Life is tough my darling, but so are you

Life is tough my darling, but so are you. Stephanie Bennett-Henry

You never know how tough and strong you can be until you have a sick child. You want to run and hide. You get angry. You scream. You cry. You feel helpless. You feel fear. You don’t understand all the big medical words.

Confusion sets in. You feel small, helpless, weak.

You fall to your knees. You look to the sky. You pray.

You find strength. You find hope. You find understanding. You find peace.

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She Made It – A Little Snippet on My Thoughts of Mallorie’s Last Chemo Shot

1510006_747034938705261_5810347543368150990_nI just saw Mallorie’s tweet……”19-hour countdown and then bye bye chemo.”

I have imagined in my head many times what this day would feel like. The day when we no longer have to plan our lives around cancer. And in less than twenty-four hours, Mallorie will receive her last shot of methotrexate.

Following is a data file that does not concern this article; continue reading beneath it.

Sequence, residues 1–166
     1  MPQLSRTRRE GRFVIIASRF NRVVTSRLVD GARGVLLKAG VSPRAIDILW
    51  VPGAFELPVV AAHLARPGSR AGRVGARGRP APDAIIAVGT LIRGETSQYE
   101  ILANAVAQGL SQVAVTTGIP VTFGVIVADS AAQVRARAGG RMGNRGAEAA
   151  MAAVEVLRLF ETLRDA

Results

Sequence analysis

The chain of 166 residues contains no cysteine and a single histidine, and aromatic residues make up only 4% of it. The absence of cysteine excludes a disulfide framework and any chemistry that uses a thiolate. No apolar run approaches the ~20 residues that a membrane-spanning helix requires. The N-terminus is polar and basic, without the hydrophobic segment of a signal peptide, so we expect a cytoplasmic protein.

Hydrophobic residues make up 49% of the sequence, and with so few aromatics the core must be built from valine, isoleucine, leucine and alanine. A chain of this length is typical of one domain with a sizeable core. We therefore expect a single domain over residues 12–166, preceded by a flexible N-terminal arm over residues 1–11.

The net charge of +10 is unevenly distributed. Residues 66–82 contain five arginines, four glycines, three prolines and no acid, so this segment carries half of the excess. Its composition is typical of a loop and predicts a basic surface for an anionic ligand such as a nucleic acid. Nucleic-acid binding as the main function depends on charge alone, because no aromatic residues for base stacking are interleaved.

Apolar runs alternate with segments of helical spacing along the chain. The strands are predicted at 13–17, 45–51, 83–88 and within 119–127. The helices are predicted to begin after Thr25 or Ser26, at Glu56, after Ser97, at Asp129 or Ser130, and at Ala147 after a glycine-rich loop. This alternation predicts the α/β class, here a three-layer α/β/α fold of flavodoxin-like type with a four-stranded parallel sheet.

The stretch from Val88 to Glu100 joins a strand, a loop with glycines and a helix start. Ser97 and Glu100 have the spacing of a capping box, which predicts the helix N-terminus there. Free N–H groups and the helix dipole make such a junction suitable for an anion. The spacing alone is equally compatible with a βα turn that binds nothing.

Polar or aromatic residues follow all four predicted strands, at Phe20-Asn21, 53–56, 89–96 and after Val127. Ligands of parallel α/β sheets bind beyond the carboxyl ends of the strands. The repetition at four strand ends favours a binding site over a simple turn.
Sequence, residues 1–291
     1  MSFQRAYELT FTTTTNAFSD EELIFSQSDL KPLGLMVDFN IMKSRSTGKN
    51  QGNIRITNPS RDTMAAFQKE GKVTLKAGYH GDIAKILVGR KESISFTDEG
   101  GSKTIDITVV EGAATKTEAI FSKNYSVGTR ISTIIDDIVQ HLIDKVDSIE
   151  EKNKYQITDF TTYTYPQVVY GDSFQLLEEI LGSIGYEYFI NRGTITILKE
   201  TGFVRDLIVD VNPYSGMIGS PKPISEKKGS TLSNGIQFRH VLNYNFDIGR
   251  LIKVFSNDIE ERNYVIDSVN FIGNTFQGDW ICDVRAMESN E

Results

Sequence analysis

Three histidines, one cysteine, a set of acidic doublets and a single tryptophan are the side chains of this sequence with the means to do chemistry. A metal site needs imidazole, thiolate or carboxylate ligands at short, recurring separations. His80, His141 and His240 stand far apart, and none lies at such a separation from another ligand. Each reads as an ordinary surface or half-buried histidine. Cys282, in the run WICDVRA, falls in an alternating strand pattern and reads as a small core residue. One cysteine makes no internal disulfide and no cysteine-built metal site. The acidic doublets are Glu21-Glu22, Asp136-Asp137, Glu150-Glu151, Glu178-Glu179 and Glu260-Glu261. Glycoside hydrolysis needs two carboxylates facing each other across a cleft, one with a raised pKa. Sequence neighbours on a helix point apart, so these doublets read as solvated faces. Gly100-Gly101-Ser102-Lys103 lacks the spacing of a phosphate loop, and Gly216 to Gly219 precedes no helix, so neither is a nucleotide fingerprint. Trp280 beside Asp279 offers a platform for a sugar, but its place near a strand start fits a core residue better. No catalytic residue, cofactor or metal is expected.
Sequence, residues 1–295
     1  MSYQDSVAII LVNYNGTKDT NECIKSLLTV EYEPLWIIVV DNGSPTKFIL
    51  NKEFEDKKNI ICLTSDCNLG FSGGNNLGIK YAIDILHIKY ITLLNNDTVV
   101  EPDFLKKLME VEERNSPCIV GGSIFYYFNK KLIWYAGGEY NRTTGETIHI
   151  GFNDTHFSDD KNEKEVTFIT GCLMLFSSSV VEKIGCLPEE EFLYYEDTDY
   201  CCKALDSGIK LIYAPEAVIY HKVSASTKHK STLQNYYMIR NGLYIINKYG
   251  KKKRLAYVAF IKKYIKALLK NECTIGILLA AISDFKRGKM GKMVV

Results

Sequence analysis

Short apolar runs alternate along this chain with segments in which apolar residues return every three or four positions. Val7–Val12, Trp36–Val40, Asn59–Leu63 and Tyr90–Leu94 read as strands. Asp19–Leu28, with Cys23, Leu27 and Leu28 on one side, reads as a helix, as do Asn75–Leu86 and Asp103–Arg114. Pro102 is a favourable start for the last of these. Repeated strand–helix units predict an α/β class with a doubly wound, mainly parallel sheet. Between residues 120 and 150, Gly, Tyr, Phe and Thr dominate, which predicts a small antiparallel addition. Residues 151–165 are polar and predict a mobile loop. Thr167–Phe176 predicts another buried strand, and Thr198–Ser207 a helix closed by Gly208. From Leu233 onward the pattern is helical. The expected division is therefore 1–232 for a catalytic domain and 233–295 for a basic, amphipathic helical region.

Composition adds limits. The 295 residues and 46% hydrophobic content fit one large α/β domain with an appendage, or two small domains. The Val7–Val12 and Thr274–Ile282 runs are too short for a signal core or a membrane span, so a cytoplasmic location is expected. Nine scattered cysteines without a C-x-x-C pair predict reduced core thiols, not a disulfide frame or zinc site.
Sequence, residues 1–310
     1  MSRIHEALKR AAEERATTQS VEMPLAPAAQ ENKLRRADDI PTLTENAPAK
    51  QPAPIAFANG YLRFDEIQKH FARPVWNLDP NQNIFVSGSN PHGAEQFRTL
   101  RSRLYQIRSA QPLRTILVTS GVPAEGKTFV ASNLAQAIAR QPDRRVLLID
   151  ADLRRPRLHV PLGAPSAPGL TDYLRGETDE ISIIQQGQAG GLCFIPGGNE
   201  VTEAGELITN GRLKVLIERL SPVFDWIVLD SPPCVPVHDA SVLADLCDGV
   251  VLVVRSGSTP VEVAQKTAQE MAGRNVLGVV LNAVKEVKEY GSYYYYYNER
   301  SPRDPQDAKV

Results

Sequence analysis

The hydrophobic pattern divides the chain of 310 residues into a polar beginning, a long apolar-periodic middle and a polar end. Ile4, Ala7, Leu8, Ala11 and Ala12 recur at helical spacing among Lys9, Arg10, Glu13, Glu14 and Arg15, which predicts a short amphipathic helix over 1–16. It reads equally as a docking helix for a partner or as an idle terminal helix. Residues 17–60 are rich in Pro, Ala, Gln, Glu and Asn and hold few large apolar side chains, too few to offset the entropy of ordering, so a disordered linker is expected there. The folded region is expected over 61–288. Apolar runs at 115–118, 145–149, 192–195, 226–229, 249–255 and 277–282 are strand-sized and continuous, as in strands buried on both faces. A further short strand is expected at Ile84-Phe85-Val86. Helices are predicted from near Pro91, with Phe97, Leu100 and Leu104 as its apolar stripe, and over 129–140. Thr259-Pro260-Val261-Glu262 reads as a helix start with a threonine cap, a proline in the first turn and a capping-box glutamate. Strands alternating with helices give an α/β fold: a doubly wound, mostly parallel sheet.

Emotions are a bit overwhelming at this moment. I think back to the beginning. The beginning of Mal’s journey, our journey. It was so unexpected, this diagnosis the doctors called leukemia. At that time, leukemia seemed like a monster trying to steal from me, my little girl. Now, it’s all gone.

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Mallorie’s battle was one with many twist and turns. Rough, exhausting, painful, and unknown. She lost her hair, she lost weight, she lost strength, but she never lost her spirit. She had good days. She had bad days. She had days she wanted to give up. She had days she told me to not give up.

There were tears. There was laughter. There was anger. There were screams.

Watching Mallorie slowly start to wither away in the early stages of treatment is something I will never forget. Flesh on bones. Shunk in cheeks. Frail and weak. Makes me nauseated just thinking of it. Thankfully, we had a fantastic Oncologist and wonderful nurses.